Dog-proof your home and property as if you are bringing home a toddler.

  • A dog explores with their mouth and nose. Familiarize yourself with human-safe foods that are toxic to dogs. Make sure everyone in the household is familiar with them to keep them out of reach. Placing a bag of Xylitol gum, raisins or baker’s chocolate on the countertop is not considered out of reach!

For indoor safety:

  • Prevent access to or move any valuable or potentially dangerous items out of reach.
  • Be conscious of electrical cables and power outlets. Prevent access to cables or spray a biting deterrent to deter chewing. Bitter Apple works great and does not leave a sticky residue.
  • Install baby gates to keep dogs out of danger zones like stairs and open doors. Make sure everyone in the household is conscious of potential exit routes and be mindful to close the door behind them (don’t forget the garage too!).
  • Avoid using harsh chemical cleaners for hard flooring surfaces which can trigger skin/mouth irritation.
  • Some chemical-based air fresheners, carpet powders and aerosol or spray-on odor eliminator products can cause both skin and respiratory irritation as well. Be careful with their use and application.
  • If you have an indoor cat litter box, consider putting a barrier around it. Many dogs find kitty waste irresistible as a snack. Similarly, if you have small caged animals such as hamster or birds, you might want to put a physical barrier around their housing to prevent triggering the dog’s hunting instinct.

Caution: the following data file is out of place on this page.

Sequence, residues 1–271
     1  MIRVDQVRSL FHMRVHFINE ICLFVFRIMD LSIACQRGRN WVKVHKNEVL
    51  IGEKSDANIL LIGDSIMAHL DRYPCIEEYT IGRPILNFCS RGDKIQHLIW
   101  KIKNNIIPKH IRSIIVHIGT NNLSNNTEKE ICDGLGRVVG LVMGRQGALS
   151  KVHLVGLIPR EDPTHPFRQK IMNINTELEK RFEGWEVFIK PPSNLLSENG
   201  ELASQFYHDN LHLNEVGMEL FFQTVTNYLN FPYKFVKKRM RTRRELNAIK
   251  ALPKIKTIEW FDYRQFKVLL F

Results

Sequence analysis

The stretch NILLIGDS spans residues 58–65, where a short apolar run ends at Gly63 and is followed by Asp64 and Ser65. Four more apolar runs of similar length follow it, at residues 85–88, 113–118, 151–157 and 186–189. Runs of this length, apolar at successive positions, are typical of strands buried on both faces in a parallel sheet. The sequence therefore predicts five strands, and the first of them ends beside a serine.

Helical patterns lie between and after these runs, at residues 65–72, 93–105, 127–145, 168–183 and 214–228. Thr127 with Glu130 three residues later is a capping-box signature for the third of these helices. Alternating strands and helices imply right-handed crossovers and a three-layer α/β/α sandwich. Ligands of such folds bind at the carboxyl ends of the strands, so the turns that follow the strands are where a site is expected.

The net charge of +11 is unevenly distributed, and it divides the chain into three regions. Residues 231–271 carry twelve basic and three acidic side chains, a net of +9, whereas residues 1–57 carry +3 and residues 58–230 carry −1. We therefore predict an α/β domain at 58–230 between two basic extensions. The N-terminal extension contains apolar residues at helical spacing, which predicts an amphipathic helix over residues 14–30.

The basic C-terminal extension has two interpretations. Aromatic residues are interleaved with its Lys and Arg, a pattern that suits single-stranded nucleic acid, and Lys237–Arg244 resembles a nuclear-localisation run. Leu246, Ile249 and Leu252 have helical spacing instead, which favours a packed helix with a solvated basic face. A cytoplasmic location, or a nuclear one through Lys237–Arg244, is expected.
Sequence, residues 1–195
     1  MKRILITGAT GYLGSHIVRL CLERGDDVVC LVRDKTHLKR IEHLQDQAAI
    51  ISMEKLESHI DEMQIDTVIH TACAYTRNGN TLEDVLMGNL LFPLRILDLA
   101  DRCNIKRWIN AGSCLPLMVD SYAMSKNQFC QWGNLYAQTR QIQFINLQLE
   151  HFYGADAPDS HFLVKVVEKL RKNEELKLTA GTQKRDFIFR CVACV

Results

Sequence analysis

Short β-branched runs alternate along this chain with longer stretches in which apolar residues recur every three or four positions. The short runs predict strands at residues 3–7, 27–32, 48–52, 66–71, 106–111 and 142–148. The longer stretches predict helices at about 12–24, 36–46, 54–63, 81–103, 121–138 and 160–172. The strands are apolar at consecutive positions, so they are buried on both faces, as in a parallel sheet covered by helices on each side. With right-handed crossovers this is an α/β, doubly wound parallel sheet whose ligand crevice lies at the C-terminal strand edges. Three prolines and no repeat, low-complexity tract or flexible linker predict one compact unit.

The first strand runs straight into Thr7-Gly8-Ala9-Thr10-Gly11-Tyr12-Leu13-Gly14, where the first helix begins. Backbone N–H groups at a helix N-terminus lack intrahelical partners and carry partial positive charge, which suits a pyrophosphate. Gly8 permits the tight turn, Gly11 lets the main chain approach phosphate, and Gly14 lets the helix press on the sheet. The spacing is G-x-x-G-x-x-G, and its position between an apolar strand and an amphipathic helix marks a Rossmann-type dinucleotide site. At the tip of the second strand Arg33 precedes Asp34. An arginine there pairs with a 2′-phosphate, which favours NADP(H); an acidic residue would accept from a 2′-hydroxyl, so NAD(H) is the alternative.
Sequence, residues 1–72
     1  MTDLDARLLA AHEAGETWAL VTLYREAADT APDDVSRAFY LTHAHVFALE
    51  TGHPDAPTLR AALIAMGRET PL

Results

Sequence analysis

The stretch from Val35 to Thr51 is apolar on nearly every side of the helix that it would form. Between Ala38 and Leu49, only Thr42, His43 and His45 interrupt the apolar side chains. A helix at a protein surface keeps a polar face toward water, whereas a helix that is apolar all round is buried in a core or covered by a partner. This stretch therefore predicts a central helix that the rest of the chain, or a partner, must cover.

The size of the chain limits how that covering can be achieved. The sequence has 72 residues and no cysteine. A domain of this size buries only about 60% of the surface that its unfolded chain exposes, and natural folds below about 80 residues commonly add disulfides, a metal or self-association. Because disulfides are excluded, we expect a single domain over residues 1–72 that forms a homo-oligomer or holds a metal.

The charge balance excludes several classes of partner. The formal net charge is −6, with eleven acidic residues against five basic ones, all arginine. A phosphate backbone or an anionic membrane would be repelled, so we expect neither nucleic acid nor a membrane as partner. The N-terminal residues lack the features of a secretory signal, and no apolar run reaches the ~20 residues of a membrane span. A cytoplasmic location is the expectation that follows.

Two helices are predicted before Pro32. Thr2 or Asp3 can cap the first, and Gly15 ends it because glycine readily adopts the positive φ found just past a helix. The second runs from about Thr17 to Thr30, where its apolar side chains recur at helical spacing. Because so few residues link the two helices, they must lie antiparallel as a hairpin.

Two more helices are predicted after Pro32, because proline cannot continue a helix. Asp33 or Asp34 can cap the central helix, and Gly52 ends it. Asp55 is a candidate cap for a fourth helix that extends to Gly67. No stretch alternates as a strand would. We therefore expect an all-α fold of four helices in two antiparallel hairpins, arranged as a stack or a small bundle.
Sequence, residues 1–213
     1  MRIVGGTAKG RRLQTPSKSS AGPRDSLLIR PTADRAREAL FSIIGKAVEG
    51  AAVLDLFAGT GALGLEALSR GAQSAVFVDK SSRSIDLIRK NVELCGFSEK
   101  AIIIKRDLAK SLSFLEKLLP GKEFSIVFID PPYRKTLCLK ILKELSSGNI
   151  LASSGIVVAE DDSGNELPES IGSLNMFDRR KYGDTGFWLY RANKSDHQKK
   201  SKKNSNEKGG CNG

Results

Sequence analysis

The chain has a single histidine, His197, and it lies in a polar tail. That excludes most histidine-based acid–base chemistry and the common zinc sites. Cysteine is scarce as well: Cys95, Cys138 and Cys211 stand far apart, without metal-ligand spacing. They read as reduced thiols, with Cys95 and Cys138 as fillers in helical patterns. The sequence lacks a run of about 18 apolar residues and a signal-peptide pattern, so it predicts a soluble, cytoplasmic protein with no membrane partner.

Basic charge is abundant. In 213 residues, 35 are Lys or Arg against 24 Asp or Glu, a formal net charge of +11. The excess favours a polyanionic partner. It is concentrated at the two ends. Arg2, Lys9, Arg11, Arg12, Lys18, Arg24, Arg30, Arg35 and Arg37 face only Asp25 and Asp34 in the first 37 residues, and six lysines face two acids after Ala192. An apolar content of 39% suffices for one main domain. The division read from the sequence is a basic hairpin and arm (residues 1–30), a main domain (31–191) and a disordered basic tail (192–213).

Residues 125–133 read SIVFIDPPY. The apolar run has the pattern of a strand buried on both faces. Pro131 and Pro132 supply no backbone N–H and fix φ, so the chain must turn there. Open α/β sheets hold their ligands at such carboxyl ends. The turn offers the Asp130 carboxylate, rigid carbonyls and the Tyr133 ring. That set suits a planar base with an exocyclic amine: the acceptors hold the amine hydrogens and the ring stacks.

For outdoor safety:

  • Familiarize yourself with plants on your property and identify which ones are poisonous and should be off limits to dogs or removed altogether. Reference Toxic and Non-Toxic Plants
  • Limit fertilizer/pesticide application where the dog is allowed access unsupervised. Organic fertilizer such as chicken manure and blood meal might attract dogs and cause digging or rolling around in something that not only smells bad but is toxic to pets.
  • Check that your fences are secure with no loose boards, and there are no shallow points where the dog can tunnel their way to the adjoining property. A 6-foot or higher privacy fence is the ideal containment

No invisible or underground “electric” fence! JAs have strong hunting instincts and the short quick shock may not be a sufficient deterrent to keep them from chasing after prey.

  • Speaking of hunting, check to see if you have nesting “wildlife” on property and evaluate whether to relocate them. Your JA has a strong prey drive. Small birds and rodents will not stand a chance, but nesting coyotes, raccoons and feral cats may put up a fight and injure your dog. Keep in mind that wild prey may be carriers of fleas, ticks, rabies, etc.
  • If you live in an area where poison/bait is commonly used to control pest population, remove any poison/bait from your property and be on the look out for dying rodents on your property.
  • If you have bird feeders on the property, consider deep cleaning the areas near and underneath the feeders. Dogs can get sick with Psittacosis from bird feces.
  • If you have a pool, hot tub or bodies of water on your property, do your best to limit your dog’s access until he has learned to swim, and even then, the dog may not be able to exit the body of water without assistance and can drown. Make sure everyone in the household is aware of potential drowning risks.
  • Consider notifying neighbors of adjoining property that you are bringing home a new dog, in case they find your escaped puppy playing in their yard, or if they have outdoor cats that are accustomed to roaming your property unsupervised.